How to: Create warped techno bass in Ableton's Wavetable

Warped Techno Bass In Ableton's Wavetable

In today’s blog post we are going to be exploring how to use Ableton’s epic new Wavetable synth to make a warped techno bass which will help explode some life into your productions.

First off loud in Wavetable from the instruments section in the browser. Right of the bat lets switch on the sub oscillator, this will allow us to maintain a solid sub end to our bass sound while allowing the 2 main oscillators to give us that warped vibe.

In terms of midi, let’s just program a rather simply pattern which longer notes hitting on the one. With this sound we want it to engulf the audio spectrum creating a real dense atmosphere.

To get this warped sound lets explore some of the more outlandish wavetable that are in the synth. To be honest there is a vast multitude of these sounds in there each providing new sound design possibilities so really as long as you don’t use the standard, Saw, Square Sine etc waves you should be good to go.

For this example in OSC 1 let’s use Complex, Verbed. Also let’s put the wave position to around 50%. Also since we are doing bass it’s best to stick the since in mono. You can find this under volume, the button will be called poly and soon as you press it, it will change to mono.

Since we are doing a warped bass lets take advantage of the warped OSC FX’s. To find this go to the bottom of the OSC window and click None, here you will have a menu of 4 choices (including None) select modern.

Put the warp parameter to roughly 60% and fold to 50%.

This is already sounding nice a warped but lets take it one step further and add some modulation to these parameters. To do this click on the parameter you wish to add modulation to and from there navigate to the matrix tab. Now you will see the parameter you wish to modulation show up.

Now we will have the warp modulated by the LFO 1 and ENV 3. From there we can move to the LFO 1 tab and adapt the parameters. To get there click on the Mod Sources tab, then LFO 1. Let’s use a sine wave to have smooth modulation with a low rate ( around 0.03Hz) and take of re trig so the waveform continues to change and is note reset every time a note is entered or played.

In ENV 3 lets set the initial value to around 70%, attack to 2secs and decay to 4secs

We can now look to bring in OSC 2, in OSC 2 choose Distortion, Clipped Sweep with a wavetable position of around 30%

Again lets modulation the waveform, click on the wavetable position, in the matrix tab select the LFO 2 amt to be -4.7.

Now move to the mod sources tab and select LFO 2, set the rate to sync and 1/2. Again take re trig off.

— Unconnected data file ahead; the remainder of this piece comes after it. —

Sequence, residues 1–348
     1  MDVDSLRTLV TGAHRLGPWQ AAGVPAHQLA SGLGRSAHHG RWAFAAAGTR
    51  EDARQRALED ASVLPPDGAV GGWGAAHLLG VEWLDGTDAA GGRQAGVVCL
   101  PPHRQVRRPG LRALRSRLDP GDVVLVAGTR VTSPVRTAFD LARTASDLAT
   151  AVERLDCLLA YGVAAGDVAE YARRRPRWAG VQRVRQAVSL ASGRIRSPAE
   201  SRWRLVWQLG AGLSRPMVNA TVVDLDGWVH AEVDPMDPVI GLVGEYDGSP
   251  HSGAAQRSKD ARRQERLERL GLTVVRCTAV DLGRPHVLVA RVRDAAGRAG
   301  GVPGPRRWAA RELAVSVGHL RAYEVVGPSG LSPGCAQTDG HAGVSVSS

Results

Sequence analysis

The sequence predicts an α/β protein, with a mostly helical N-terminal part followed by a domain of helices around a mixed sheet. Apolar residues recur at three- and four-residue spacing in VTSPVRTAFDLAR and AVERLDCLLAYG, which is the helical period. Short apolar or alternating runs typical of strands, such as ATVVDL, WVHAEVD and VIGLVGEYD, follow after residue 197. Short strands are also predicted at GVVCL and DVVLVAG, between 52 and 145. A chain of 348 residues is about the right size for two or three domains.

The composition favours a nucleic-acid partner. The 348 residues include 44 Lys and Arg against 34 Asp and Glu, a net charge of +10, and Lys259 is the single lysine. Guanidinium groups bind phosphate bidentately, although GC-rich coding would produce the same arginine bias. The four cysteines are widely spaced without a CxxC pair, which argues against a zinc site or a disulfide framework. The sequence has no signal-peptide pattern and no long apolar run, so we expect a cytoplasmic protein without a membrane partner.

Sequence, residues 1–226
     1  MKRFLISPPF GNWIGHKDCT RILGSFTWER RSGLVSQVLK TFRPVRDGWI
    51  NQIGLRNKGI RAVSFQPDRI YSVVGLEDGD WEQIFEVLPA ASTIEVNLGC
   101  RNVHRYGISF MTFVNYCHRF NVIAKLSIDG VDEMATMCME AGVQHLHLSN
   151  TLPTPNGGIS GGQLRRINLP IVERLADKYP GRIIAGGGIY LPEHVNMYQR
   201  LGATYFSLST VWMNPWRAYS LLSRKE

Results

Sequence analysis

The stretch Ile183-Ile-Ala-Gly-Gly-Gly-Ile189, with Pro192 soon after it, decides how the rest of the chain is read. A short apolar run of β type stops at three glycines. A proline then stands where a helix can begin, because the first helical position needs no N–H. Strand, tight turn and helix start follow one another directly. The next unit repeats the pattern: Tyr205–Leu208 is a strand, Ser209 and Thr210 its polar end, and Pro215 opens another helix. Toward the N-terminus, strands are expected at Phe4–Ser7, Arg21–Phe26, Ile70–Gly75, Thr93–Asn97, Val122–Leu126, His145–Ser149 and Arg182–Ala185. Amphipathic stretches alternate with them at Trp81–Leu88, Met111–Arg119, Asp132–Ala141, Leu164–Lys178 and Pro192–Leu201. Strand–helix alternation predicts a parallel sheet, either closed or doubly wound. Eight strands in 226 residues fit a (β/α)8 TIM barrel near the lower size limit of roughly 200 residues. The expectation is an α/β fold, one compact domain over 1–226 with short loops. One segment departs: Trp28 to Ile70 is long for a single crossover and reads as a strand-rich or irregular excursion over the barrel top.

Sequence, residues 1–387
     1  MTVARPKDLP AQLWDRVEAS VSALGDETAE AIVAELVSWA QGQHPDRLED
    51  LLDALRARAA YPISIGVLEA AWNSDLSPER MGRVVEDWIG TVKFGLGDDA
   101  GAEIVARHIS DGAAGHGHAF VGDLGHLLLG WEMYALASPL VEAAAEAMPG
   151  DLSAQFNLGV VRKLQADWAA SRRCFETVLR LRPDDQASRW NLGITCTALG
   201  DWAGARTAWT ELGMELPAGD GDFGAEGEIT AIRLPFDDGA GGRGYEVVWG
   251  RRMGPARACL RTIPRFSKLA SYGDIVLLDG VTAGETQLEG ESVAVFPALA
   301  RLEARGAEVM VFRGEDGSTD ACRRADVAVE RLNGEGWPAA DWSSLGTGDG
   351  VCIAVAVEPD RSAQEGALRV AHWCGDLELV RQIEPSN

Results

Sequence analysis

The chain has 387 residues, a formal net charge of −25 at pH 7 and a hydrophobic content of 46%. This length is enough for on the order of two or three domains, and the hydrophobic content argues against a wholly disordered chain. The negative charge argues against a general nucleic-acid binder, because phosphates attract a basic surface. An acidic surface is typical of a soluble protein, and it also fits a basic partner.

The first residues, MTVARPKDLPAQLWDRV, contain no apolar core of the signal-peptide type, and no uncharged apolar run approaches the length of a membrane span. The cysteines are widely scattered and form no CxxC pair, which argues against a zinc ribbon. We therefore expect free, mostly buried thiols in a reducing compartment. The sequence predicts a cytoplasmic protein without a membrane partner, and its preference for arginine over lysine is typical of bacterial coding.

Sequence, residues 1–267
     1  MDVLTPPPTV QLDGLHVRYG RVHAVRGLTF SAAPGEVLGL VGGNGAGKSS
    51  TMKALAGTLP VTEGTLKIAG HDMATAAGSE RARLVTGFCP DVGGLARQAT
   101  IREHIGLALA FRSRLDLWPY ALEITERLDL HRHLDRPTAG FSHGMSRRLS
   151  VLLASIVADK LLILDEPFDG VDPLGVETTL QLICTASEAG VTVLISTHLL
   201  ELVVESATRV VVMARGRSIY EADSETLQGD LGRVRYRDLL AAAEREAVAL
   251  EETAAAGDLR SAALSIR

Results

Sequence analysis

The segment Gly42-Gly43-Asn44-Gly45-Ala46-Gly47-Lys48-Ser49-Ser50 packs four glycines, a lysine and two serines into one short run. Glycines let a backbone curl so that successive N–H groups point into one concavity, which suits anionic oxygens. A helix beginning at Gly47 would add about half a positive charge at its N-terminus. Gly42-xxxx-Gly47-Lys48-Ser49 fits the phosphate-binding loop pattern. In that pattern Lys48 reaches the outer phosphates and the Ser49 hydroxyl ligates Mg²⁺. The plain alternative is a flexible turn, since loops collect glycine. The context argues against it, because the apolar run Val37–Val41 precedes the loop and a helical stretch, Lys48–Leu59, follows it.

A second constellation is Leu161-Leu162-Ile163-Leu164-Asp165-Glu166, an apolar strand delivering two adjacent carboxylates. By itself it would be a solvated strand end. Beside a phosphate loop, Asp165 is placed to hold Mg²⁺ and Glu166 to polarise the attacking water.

It’s now feels let we are ready to add the filter to curtail the higher frequencies. On filter 1 use a LP24 filter, set the frequency cutoff to around 180Hz and resonance to 60%. As always lets use the dope filter circuits. Let’s use the Oscar circuit and drive it with a setting of around 4dB.

We can open up the filter a little with and envelope. Again to do this click on the frequency cutoff to view it in the matrix. Add it 100% to ENV2. Now navigate to ENV 2. Take the peak value down to around 80% and the Attack to 1.6secs, Decay to 1.9secs and Release to 11secs. Let’s also pull out the Amp release to 3secs.

Using Filter 2 in parallel may also be rather useful. To switch the filter routing into parallel mode click where it says serial and there will be a drop down menu, select parallel. Now select a 12dB Band Pass Filter, set the Frequency Cutoff to 500Hz, Resonance to 60%, Circuit to OSR and drive it by 4dB.

Now we can modulate the BP Filter Cutoff. Let’s send it to the LFO 1 & 2 with the setting, LFO 1 34%, LFO 2 -11%.

It’s well worth using the unison, this will double up the sound creating huge spread. In this example let’s use the classic setting on 3 voices with the amount at 30%.

As you can properly tell we have lost come of our centre image, to solve this add the utility audio effect into the chain. Set the bass mono to 300Hz.

We are almost done but let’s add in a couple more audio effects, let’s start with the pedal and set it to overdrive, with a 14% gain and a dry/wet value of 30%. Also remember to engage the sub which will let through the low end, keeping it nice and clean.

Last in the chain add the Echo audio effect, set up the delay’s to be unlinked. For the left have a dotted 1/16 and the right a dotted 1/8. Drive the input signal by first clicking the D button and a gain value of around 4dB. Switch the delay mode to ping pong and a feedback value of 40%. Now add in the reverb with a value of 73%, a decay of 62% and send it to the into the feedback circuit.

To keep the low end clean go to the filter section in the Echo audio effect and set the HP filter to 148Hz. Let’s move to the character tab and switch on the ducking, this will allow our sound to maintain a lot of impact while having a sense of space. Set the threshold to -41dB and release to 120ms which will roughly be a a 1/16th note at 120BPM and if you wish to have the delay come in later double this value for a 1/8th note and again for a 1/4 note.

Lastly let’s group our sounds into a instrument rack and set up some macros so we can adapt this on a song by song basis. Start by adding the LP and BP filter cutoff to macro 1 and 2 respectively. The pedal and Echo Dry/Wet to 3 and 4 respectively (Also it will be useful to map the range of the Echo Dry/Wet to max 50% so the synth sound will always be more present). Now set the ENV 2 peak to macro 5, Attack to 6 and Decay to 7. And lastly map the chain volume to macro 8.

So that’s that for our warped bass sound. I hope you have enjoyed this tutorial and stay tuned for more Ableton Live 10 gems!

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